“Sunday is the most passive day of my week.” A young friend made that statement a few days ago while we enjoyed coffee in my kitchen. The friend said it in a resigned, dispassionate manner.
“It’s because I was forced to go to church every Sunday. I was a rebellious child and my very assertive dad thought that religion would calm me down.”
“Oh no, it didn’t kill my spirit. I had to surrender to dad’s wishes–there was no other option. I became very resentful of dad and of the church. I kept these feelings hidden but they came out in other ways. I became a passive-aggressive kid.”
“I can relate. I was much the same way when I was a boy, too.”
“Oh yeah? Well, I didn’t figure all this stuff out until I did a lot of soul-searching after I broke up with my girlfriend.
My young friend and I shared about a minute of silence. Then he looked into my eyes and said, “Dad wants me to go to church with him this Sunday. I didn’t tell him I would, but I didn’t tell him I wouldn’t, either. But, I really don’t want to go.”
“You just want to keep the peace, huh?”
He frowned, raised his eyebrows, and shrugged–his signal that we should shift the conversation to a different topic.
I later contemplated my young neighbor’s conundrum. He’s quite the free-spirited twenty-something. He can see through the bluster of authority figures and doesn’t like what he discovers. This is one of the ways he and I are alike. Both of us become contrarians when encountering forceful people. Apparently, both of us still harbor passive-aggressive tendencies. We don’t like to play follow the leader.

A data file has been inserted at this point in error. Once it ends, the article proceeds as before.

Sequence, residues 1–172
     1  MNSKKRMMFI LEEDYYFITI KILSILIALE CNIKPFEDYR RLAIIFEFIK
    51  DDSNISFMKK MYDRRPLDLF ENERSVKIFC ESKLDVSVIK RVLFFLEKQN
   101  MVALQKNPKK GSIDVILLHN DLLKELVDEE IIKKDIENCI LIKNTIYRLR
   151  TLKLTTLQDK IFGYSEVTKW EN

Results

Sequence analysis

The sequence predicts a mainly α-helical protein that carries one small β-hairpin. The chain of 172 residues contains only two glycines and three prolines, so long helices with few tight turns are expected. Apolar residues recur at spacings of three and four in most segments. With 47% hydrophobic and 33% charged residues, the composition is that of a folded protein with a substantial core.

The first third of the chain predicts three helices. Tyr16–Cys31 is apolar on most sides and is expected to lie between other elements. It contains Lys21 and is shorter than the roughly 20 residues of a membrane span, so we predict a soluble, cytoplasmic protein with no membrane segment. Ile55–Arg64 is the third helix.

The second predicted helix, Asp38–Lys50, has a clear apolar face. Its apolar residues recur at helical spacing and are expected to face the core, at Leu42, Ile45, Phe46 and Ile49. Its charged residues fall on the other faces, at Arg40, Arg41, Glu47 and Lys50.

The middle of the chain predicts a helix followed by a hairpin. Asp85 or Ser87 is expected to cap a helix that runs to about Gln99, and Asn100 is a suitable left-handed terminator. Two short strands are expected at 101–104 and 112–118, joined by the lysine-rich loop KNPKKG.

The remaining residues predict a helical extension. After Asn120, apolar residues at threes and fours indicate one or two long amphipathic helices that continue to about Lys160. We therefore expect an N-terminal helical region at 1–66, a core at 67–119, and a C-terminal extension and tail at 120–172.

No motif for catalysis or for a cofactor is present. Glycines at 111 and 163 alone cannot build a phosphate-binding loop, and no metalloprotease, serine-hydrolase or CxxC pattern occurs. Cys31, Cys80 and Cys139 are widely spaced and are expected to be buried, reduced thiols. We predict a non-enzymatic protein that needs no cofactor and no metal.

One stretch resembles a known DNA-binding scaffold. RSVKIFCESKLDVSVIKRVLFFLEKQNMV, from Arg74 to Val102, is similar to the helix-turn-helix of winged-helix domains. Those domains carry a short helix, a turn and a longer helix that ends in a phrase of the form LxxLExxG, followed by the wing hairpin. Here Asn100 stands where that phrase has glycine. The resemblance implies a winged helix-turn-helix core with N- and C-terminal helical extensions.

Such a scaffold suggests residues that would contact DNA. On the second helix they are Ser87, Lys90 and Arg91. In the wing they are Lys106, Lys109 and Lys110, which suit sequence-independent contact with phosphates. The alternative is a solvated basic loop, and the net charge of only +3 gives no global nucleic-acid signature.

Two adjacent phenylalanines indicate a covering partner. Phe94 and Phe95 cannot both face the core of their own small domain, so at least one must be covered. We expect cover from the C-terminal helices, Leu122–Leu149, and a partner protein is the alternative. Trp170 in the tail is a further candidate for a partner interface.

We’ve all been in situations where something wrong and hurtful is taking place in front of us. Even though we don’t participate in the activity, we don’t intervene nor speak up against it either. Does that mean our passivity makes us enablers?
Every day, horrible things happen but bystanders and witnesses don’t speak out against them. Has passivity been mistaken as apathy? I think apathy is one of the most passive states of mind that people can have.
A culture of collective apathy is how a tyrant easily has his way with an entire nation. The population believes that the leader will eventually come to his senses and the country will just automatically return to the status quo. Of course, it does not.
Have you ever thought that the status quo can also be a state of controlled passivity? No thinking nor analysis is required when we go along with what tyrants demand of us. History books are filled with scenarios where despots recruited flocks of sheeple and then led everyone astray to ruination.
These days, we have television and the Internet, where we become lulled into a passive state. We are massaged and titillated with a constant reality show. The “program” is filled with fascinating situations and aggressive people doing harmful things. We are lulled into deeper states of passivity by watching strangers make fools of themselves.
“Passivity is the same as defending injustice.”–Deepak Chopra
When the program makes us aware of injustice and wrongdoing via social media, we might tap out our outrage in the comments section. Of course our words become lost in a sea of like-minded commenters’ words. The result is mass complacency because we believe we’ve made our opinions public. If we stop and think about this, we see how ineffective our words are because they are not shared with the people who really need to read them. We’re just grousing among peers. This is a form of passivity.
It seems that passivity is society’s default mode. I can rant and rave and write about passivity, but in the end, these words will get lost in the echo-chamber. On the other hand, we’re still able to reach beyond the status quo if we’re willing to sacrifice our passivity.
The Blue Jay of Happiness quotes psychologist and professor Philip Zimbardo. “Bullies may be the perpetrators of evil, but it is the evil of passivity of all those who know what is happening and never intervene that perpetuates such abuse.”